A UNICEF Lebanon survey shows that more children skip meals for lack of food. One in ten is sent to work instead of attending school because of the crisis in the country.
On November 2021, UNICEF published a report called “Surviving without the basics: The ever-worsening impact of Lebanon’s crisis on children” in which the figures “show a dramatic deterioration of living conditions among Lebanese children” over the past six months.
UNICEF further stresses out that “hundreds of thousands of children in Lebanon are at risk” and “an entire generation is at stake“.
UNICEF Lebanon elaborated a quick assessment of the situation of children with telephone interviews to 1244 households in April 2021. In October 2021, 838 of these same households took part of the survey (the report doesn’t explain why some of the households didn’t participate again in October).
It turns out from the poll that at least one child in 53% of these families skipped a meal in October because there was not enough food in the house. In April, 37% households were in this situation.
Moreover, 41% had to sell household items such as TV or furniture, up from 33% in April 2021 because of their conditions.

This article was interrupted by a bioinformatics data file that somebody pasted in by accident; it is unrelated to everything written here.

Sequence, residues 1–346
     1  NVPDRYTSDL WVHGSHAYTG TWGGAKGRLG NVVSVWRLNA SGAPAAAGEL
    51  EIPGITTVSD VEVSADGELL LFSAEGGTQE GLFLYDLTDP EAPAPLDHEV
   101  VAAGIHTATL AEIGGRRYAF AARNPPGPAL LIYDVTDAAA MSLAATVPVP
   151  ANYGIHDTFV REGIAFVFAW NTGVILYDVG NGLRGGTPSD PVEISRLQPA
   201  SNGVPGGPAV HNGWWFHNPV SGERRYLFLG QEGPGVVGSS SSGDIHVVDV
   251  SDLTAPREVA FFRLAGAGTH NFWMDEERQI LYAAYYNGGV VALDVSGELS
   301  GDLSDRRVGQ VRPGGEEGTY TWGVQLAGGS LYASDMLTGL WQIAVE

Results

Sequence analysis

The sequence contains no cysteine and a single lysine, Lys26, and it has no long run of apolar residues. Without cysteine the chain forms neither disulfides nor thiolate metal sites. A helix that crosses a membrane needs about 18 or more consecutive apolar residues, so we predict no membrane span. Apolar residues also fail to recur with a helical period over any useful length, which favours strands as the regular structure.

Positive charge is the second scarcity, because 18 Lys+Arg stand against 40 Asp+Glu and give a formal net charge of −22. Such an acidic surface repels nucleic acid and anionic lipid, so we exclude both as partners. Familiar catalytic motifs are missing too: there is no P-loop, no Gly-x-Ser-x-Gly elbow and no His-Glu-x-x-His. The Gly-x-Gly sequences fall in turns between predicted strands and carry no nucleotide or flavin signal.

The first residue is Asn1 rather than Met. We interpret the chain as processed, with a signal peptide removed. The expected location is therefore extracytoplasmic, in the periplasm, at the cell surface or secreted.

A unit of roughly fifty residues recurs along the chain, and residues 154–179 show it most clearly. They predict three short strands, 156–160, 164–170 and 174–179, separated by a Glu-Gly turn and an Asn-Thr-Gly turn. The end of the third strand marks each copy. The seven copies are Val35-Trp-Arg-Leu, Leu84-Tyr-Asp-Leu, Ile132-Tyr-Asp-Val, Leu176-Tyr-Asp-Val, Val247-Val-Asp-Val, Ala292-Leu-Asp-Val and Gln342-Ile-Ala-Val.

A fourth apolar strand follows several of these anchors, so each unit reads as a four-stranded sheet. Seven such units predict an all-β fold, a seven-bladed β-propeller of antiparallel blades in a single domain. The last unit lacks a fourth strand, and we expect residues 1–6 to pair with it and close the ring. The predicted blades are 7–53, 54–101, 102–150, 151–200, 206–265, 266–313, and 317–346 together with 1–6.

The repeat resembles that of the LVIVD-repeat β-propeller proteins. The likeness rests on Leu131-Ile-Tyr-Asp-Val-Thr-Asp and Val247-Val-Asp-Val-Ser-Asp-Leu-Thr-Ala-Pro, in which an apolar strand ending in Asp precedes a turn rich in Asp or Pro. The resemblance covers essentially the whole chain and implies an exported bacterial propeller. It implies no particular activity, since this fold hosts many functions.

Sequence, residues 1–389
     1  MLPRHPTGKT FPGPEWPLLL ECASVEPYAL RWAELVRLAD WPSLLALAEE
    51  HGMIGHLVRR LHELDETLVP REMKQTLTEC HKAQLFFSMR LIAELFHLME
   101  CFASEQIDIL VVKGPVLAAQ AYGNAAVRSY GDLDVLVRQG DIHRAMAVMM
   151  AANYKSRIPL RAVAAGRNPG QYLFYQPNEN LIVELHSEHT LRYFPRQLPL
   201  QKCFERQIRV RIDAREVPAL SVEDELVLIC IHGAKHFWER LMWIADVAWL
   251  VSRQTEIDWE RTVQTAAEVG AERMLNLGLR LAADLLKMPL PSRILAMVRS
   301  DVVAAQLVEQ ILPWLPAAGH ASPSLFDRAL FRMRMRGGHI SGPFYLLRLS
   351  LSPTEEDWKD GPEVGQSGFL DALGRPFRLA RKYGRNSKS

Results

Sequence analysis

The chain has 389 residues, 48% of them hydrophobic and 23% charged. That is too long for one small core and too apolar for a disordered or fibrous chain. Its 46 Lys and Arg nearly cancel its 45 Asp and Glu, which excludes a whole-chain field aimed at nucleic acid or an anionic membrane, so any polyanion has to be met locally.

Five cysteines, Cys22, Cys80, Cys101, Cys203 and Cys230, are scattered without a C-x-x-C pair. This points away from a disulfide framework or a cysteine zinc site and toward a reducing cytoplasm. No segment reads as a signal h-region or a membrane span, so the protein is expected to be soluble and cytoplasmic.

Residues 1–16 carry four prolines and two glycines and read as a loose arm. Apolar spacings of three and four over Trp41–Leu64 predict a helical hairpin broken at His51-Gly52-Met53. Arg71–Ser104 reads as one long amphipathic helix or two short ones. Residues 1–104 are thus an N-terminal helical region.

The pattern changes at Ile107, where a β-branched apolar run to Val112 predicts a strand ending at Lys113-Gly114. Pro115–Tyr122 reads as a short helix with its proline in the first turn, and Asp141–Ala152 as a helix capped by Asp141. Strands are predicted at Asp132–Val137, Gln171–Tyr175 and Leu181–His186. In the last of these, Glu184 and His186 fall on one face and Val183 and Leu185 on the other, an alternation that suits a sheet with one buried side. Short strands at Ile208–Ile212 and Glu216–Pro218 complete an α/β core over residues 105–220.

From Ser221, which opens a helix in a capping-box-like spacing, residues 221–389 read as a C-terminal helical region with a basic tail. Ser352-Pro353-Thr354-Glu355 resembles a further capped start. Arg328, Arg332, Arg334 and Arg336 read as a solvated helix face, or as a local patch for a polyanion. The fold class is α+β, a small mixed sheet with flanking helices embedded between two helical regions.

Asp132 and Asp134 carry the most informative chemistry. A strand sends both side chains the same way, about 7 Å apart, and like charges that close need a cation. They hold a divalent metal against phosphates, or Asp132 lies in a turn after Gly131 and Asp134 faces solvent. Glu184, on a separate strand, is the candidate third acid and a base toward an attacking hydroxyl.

1 in 10 school-age children are sent to work
On top of that, electricity and drinking water are getting more scarce.
In fact, Lebanon’s water sector poses a huge health threat with some 2.8 million people affected by water shortages. More than 45 per cent of the households had insufficient drinking water at least once in the 30 days prior to the survey, as compared with under 20 per cent in April.
The UNICEF Lebanon survey also shows that 9 in 10 families are experiencing electricity cut-offs.
To make things worse, a third of families cut education expenses and 12% sent children to work, up from 9%. About 260,000 of Lebanese children might not get back to school, UNICEF alarms.
Lebanon is struggling with one of the world’s worst economic depressions in modern history, the COVID-19 pandemic and the aftermath of the Beirut Port explosions in August 2020.
As a consequence, more than 8 in 10 people live in poverty in Lebanon today, up from 42% in 2019, and 34% are in extreme poverty in 2021 according to a United Nations report.
For the UNICEF Representative in Lebanon, “the staggering magnitude of the crisis must be a wake-up call“.